Nevertheless, even initially, these two flies in the theoretical ointment fail to obscure the remarkable fact that a single nonprimate has all of the simple, non-synergistic traits distinguishing humans from their primate kin. Such a finding is strongly consistent with the hypothesis that this particular animal once hybridized with the chimpanzee to produce the first humans. In a very simple manner, this assumption immediately accounts for a large number of facts that otherwise appear to be entirely unrelated.

What is this other animal that has all these traits? The answer is Sus scrofa, the ordinary pig. What are we to think of this fact? If we conclude that pigs did in fact cross with apes to produce the human race, then an avalanche of old ideas must crash to the earth. But, of course, the usual response to any new perspective is “That can’t be right, because I don’t already believe it.” This is the very response that many people had when Darwin first proposed that humans might be descended from apes, an idea that was perceived as ridiculous, or even as subversive and dangerous. And yet, today this exact viewpoint is widely entertained. Its wide acceptance can be attributed primarily to the established fact that humans hold many traits in common with primates. That’s what made it convincing. But perhaps Darwin told only half the story. We believe that humans are related to chimpanzees because humans share so many traits with chimpanzees. Is it not rational then also, if pigs have all the traits that distinguish humans from other primates, to suppose that humans are also related to pigs? Let us take it as our hypothesis, then, that humans are the product of ancient hybridization between pig and chimpanzee. Given the facts presented in the discussion of stabilization theory on this website, it seems highly likely that humans are hybrids of some kind. This particular hypothesis concerning the nature of our parentage is, as we shall see, a fruitful one. For the present there’s no need to make a definite decision on the matter, but certain lines of reasoning do suggest the idea should be taken seriously:

  • First of all, the notion is set forward strictly as a hypothesis. No claim whatever is made that it is actually a fact that humans somehow arose through hybridization of pigs with chimpanzees. In contrast, proponents of the idea that humans are closely related to apes (and not to pigs) often speak as if their case has been proved beyond doubt. But, of course, it has not. The wide acceptance of this idea may actually be due to the lack of any competitive theory. I merely propose an evaluation of two distinct hypotheses by the usual scientific criterion: The hypothesis less consistent with available data should be rejected.
  • Even if we could identify some objective unit of measure for “distance” or “similarity” (which is not at all a straightforward problem), we would still expect some crosses to be more distant than others — that is, the various types of possible crosses would constitute a continuum. Many would be “close” and some would be “distant.” But we would expect at least a rare few to be very distant. While these few might be rare, they might be among the most interesting, because they would offer an opportunity to obtain something radically different. Perhaps, it is only a subjective bias, but I believe that a human being, when taken as a whole, is radically different from a chimpanzee.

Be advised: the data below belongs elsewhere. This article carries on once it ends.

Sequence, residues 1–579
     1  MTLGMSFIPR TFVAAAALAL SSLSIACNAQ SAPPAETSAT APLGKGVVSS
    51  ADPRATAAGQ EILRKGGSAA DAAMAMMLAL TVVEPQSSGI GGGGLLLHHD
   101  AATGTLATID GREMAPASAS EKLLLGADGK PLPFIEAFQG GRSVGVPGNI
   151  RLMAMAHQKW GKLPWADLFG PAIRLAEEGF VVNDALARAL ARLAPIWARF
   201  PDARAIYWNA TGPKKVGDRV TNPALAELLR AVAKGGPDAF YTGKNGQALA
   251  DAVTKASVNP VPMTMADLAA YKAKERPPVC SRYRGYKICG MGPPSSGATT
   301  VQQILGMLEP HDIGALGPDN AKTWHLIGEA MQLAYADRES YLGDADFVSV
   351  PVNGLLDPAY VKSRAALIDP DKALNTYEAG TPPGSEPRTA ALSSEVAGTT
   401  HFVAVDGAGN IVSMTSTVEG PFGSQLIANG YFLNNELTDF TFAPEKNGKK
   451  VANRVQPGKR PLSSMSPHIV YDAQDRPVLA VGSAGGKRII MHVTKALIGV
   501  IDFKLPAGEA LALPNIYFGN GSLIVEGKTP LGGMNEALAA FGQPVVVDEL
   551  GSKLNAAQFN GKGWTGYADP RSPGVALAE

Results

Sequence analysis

• On the other hand, if we first compare humans with nonmammals or invertebrates (e.g, crocodile, bullfrog, octopus, dragonfly, starfish), then pigs and chimpanzees suddenly seem quite similar to humans. Relative impressions of “close” and “far” are subjective and depend on context.
  • Pigs and chimpanzees differ in chromosome counts. The opinion is often expressed that when two animals differ in this way, they cannot produce fertile hybrids. This rule is, however, only a generalization. While such differences do tend to have an adverse effect on the fertility of hybrid offspring, it is also true that many different types of crosses in which the parents differ in chromosome counts produce hybrids that are themselves capable of producing offspring. As Annie P. Gray notes in the preface to her reference work Mammalian Hybrids (1972, p. viii), in her extensive work compiling information about hybrid mammals, “no close correlation was found between the chromosome count or the duration of gestation and the ability of species to hybridize.”
  • There have been no systematic, scientific surveys of the crossability of mammals belonging to different taxonomic orders (a cross between pig and chimpanzee would be interordinal). Any firm opinion on such a point must therefore, necessarily, be prejudiced. In fact, there is substantial evidence on this website supporting the idea that very distantly related mammals can mate and produce a hybrid (see the section on mammalian hybrids and, in particular, look at the videos shown there of ostensible rabbit-cat hybrids). In addition, certain fishes belonging to different orders have been successfully crossed, and available information on mammalian hybrids indicates that very distant crosses among mammals, too, have occurred. For example, evidence published in the journal Nature demonstrates that the platypus genome contains both bird and mammal chromosomes (223.2). As Frank Grützner, the lead author of the study, stated in a related news story, “The platypus actually links the bird sex chromosome system with the mammalian sex chromosome systems.” How could this be the case if a bird and a mammal did not at some time in the past hybridize to produce a fertile hybrid? Such a cross would, of course, be even more distant than one between a chimpanzee and a pig. And seemingly, a cross between a primate and a pig did occur only a few years ago, in 2008.